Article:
Va., N.Y. Districts Vie for 9/11 Case
Tuesday, August 4, 2009
The U.S. attorney's offices in Alexandria and Manhattan are embroiled in intense competition over the opportunity to prosecute Khalid Sheik Mohammed, the self-proclaimed mastermind of the Sept. 11, 2001, attacks, and his co-conspirators, according to Justice Department and law enforcement sources.
At a time when many state officials are determined to keep suspected terrorists out of their jurisdictions, federal prosecutors are in a hidden struggle to have potentially history-making trials held in their districts. "There's competition on all of these guys, and that's to be expected -- these are big cases," said a Justice Department official, who spoke on the condition of anonymity Monday because of the sensitivity of the deliberations.
The two U.S. attorney's offices have a history of competition, ever since Alexandria prosecutors were chosen to make the case against Zacarias Moussaoui, the only person involved in the Sept. 11 conspiracy to be tried in the United States. The competition over Moussaoui grew so intense that it led to a compromise: The case was brought in Alexandria by a Justice Department team that included a New York-based prosecutor.
In an effort to meet President Obama's commitment to close the U.S. military prison at Guantanamo Bay, Cuba, by January, the Justice Department has begun to send the files of approximately 30 detainees to U.S. attorney's offices in the District of Columbia, Alexandria and the Southern and Eastern districts of New York. Federal prosecutors are being asked to determine which terrorism suspects can be tried in federal criminal court, according to Justice Department sources.
Each office is also working with Defense Department prosecutors to decide if some cases should be assigned to military commissions. The Obama administration suspended the work of the commissions in January, but has since said it will revive them with modifications that would give detainees greater legal rights.
"There is a presumption, where feasible, that referred cases will be prosecuted in federal court," said David Kris, assistant attorney general for national security, speaking before a Senate Judiciary subcommittee last week. "But that presumption can be overcome if other compelling factors make it more appropriate to prosecute in the commission."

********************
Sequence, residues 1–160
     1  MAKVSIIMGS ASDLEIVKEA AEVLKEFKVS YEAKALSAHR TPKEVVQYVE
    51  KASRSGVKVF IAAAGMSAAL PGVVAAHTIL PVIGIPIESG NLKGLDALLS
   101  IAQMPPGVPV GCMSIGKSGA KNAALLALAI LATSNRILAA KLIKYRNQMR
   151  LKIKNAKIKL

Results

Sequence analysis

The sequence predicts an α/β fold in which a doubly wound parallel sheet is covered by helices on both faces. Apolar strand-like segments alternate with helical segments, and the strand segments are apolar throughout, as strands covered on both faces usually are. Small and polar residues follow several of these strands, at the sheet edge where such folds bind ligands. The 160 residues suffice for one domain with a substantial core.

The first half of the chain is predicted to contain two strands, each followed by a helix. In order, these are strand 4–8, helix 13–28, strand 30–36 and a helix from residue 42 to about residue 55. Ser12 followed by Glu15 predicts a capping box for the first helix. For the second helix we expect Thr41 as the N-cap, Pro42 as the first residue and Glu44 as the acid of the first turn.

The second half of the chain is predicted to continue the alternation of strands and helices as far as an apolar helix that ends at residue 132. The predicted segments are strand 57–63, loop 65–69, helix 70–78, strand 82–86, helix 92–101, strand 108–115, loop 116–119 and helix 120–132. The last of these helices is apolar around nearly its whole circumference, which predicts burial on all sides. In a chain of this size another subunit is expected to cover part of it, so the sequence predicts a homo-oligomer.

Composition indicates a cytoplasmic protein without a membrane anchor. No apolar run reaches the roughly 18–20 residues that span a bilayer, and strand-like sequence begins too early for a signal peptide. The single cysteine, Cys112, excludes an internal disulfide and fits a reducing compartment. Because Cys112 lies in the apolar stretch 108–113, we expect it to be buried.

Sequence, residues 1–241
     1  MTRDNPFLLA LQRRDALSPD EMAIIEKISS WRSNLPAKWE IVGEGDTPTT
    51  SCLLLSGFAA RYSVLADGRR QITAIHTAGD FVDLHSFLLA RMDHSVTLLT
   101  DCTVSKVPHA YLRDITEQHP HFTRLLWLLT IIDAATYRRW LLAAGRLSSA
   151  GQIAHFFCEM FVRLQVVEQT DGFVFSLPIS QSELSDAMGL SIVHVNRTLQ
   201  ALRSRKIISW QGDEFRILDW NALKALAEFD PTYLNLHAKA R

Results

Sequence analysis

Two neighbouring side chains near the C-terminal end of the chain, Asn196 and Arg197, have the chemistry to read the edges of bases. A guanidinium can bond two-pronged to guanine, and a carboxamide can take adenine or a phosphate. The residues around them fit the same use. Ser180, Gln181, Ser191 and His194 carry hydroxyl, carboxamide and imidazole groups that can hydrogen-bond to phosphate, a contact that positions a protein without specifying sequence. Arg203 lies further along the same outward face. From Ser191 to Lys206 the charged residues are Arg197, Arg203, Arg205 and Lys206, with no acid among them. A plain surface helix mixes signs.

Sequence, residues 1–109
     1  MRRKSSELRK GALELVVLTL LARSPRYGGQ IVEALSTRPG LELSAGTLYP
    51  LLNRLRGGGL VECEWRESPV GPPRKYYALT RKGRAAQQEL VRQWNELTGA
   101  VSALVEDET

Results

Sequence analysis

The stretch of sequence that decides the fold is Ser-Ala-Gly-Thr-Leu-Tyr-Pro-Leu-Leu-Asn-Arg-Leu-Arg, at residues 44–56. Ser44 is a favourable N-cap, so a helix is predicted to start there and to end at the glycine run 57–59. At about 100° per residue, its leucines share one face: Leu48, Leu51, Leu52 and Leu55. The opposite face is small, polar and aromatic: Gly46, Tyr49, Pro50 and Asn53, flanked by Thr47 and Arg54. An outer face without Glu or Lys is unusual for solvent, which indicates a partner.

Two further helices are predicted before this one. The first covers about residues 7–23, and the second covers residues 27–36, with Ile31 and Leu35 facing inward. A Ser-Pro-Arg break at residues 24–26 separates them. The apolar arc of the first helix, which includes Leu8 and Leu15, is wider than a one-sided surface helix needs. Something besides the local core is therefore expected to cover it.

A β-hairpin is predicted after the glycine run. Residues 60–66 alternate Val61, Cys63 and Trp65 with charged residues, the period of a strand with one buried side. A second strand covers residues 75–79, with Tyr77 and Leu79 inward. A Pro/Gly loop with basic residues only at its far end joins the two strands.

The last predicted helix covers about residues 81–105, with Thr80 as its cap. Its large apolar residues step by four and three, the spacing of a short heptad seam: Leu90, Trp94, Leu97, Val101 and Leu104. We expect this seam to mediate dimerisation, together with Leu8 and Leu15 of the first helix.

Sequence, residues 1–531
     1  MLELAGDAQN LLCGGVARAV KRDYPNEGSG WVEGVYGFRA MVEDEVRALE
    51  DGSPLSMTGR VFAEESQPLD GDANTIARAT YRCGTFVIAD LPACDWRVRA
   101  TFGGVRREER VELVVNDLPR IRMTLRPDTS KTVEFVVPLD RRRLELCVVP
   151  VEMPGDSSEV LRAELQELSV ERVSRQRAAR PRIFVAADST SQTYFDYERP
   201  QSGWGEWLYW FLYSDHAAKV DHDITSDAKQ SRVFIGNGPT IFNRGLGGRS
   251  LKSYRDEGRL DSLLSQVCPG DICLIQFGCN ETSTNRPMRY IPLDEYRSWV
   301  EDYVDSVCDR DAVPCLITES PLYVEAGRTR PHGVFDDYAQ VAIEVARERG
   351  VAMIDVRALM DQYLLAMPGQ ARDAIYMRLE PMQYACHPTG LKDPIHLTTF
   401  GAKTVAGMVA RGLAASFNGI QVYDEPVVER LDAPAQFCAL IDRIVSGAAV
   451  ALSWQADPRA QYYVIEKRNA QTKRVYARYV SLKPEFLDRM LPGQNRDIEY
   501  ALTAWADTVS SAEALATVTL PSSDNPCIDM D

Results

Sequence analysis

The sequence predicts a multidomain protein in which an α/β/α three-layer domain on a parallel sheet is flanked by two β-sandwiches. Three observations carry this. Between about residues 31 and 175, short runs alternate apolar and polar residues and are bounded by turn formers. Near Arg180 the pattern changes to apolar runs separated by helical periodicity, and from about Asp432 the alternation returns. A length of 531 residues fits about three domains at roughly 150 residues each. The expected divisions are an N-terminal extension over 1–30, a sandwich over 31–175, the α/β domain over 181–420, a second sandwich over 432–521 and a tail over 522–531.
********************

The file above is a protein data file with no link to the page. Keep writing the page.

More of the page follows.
Justice Department officials expect each federal jurisdiction to end up with a handful of high-profile criminal trials. The department, for instance, is considering assigning to the U.S. District Court for the District of Columbia the case of Riduan Isamuddin, better known by his nom de guerre, Hambali. The Indonesian is accused of leading the Jemaah Islamiah group, an organization allied with al-Qaeda that is accused of staging the 2002 Bali nightclub bombing.
Hambali was captured in Thailand in August 2003 and was held in a secret CIA prison until September 2006, when he was transferred to Guantanamo Bay. He is among 16 detainees held at the top-secret Camp 7 at Guantanamo Bay, but he has never been charged in a military commission. There are 229 detainees remaining at the prison.
Federal prosecutors recently met with the District's chief judge, Royce C. Lamberth, to discuss the prospect of some detainees being tried in his courthouse, the sources said. Lamberth could not be reached for comment Monday.
Attorney General Eric H. Holder Jr. met separately with the U.S. attorneys from various jurisdictions last week amid what two law enforcement sources described as fierce lobbying over the assignment of cases.
"Holder was brought in to hear people out," said one law enforcement source in Virginia. Officials at the U.S. attorney's offices in Alexandria, the District and New York declined to comment.
The Associated Press reported Monday that Holder had met with the officials, but that account did not specify that prosecutors were vying for certain cases.